As a personal aside, it has been my tremendous privilege to be a small part of U.S. efforts in the OSCE. I worked at the Helsinki Commission for more than 35 years, participating in numerous U.S. delegations to CSCE/OSCE meetings and some three dozen elections as an official OSCE observer – about half of them in Ukraine.

Clearly, the OSCE’s work is far from complete, including in Ukraine. Russia increasingly has become an obstructionist force in the OSCE, denying consensus on decisions that would promote a more secure and peaceful OSCE region and further democracy, rule of law, and respect for human rights. Moscow mocks the Helsinki process by repeatedly and flagrantly violating its OSCE commitments – most visibly, through its unjustified and illegal occupation of Ukrainian territory. No issue has taken up more of the OSCE’s attention in recent years than Russia’s ongoing aggression in Ukraine. A Trilateral Contact Group of representatives from Ukraine, the Russian Federation and the OSCE that was set up in 2014 to facilitate dialogue has had only minimal results.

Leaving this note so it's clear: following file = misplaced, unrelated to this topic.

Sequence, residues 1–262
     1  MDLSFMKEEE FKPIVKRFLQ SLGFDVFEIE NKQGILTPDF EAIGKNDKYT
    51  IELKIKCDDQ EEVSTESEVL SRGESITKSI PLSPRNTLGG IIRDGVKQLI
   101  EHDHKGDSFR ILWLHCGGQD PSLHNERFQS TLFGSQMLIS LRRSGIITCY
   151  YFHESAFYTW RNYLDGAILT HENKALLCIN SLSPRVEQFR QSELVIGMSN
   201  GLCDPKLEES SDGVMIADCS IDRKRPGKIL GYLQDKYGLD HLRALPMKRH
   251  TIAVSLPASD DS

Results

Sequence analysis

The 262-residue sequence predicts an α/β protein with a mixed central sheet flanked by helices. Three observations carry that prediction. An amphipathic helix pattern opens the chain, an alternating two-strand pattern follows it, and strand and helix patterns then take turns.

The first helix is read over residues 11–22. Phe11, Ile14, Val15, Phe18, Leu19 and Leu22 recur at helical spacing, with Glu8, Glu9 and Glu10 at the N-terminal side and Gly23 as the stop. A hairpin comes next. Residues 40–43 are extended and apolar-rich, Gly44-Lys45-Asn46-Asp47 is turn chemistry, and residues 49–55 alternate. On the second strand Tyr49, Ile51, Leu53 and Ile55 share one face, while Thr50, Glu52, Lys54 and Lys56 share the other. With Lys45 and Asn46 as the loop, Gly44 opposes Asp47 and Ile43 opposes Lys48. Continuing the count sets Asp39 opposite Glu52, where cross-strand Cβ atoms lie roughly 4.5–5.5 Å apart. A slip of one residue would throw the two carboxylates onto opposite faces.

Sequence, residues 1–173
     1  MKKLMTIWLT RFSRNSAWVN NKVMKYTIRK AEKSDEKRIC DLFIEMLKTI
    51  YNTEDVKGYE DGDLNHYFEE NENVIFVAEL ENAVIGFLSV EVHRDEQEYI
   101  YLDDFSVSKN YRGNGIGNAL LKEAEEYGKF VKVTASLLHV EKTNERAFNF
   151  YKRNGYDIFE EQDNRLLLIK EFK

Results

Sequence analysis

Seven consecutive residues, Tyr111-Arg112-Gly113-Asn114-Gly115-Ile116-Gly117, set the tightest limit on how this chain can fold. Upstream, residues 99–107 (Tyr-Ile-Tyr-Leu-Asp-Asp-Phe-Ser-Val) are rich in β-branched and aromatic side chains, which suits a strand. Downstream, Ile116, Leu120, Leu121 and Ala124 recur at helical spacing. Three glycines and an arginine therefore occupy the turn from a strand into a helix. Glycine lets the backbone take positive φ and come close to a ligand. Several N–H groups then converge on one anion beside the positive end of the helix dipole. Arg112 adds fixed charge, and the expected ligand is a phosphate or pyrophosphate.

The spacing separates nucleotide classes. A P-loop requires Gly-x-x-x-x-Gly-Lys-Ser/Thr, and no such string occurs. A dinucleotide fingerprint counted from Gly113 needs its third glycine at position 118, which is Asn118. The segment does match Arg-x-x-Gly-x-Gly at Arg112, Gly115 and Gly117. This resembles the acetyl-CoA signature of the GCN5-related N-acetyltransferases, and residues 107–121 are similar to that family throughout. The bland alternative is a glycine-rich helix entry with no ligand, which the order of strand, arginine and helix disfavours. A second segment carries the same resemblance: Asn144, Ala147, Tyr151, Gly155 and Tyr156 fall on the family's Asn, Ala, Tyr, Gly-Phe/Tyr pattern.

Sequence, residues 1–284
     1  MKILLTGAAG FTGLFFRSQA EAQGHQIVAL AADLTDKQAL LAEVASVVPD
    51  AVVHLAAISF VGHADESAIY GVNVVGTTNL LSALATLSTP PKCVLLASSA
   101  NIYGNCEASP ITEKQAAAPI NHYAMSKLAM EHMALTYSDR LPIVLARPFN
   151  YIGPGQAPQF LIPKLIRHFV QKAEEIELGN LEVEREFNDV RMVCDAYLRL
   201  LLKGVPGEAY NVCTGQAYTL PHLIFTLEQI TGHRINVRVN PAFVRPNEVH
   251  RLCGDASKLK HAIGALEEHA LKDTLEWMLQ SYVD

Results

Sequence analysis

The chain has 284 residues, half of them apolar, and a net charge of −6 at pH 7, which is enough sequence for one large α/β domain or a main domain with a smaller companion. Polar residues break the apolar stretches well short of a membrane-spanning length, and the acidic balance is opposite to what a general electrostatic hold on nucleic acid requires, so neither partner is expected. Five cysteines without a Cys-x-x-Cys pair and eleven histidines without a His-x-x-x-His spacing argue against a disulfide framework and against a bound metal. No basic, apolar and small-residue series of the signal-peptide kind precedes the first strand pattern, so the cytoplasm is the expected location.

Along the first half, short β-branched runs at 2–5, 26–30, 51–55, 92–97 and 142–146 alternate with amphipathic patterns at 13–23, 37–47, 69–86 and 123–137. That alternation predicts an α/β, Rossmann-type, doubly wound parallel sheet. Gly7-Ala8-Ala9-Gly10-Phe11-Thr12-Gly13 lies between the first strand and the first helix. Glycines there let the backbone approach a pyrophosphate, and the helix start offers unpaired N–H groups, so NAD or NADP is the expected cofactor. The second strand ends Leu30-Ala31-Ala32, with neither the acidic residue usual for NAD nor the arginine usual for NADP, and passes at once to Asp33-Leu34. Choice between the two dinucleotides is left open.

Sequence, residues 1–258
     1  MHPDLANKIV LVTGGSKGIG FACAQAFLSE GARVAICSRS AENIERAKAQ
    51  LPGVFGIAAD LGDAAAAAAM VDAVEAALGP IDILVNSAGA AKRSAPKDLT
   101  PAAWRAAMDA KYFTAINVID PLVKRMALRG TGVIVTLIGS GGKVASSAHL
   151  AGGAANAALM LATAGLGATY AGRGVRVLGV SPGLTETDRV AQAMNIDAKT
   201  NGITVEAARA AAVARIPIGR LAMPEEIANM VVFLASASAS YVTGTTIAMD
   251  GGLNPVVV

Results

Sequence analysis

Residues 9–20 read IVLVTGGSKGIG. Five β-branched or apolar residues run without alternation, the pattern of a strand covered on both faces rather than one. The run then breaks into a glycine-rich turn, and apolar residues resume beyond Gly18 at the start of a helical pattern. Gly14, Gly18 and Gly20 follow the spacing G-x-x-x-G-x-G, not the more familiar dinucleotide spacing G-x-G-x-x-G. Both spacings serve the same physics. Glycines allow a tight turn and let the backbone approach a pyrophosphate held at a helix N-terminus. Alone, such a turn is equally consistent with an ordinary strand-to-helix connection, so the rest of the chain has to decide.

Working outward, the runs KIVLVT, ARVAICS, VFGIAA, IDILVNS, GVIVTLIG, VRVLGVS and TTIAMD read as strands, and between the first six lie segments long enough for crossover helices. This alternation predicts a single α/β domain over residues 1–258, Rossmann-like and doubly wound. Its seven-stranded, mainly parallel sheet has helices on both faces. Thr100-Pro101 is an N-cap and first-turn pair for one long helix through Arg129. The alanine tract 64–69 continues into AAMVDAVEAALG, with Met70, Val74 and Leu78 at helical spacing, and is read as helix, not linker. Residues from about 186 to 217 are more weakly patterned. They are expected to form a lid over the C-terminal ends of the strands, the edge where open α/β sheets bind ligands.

Unfortunately, it does not look as if we will see change anytime soon, as there are no serious indications that Vladimir Putin plans to withdraw from Ukraine. The overwhelming majority of OSCE countries that condemn Russia’s behavior, including the United States, will continue to utilize the OSCE as an important tool to keep attention focused on Russia’s nefarious behavior and, as difficult as it may be and as long as it may take, try to come up with solutions that compel Russia to live up to its Helsinki commitments and resolve this ongoing assault on Ukraine and on the international global order.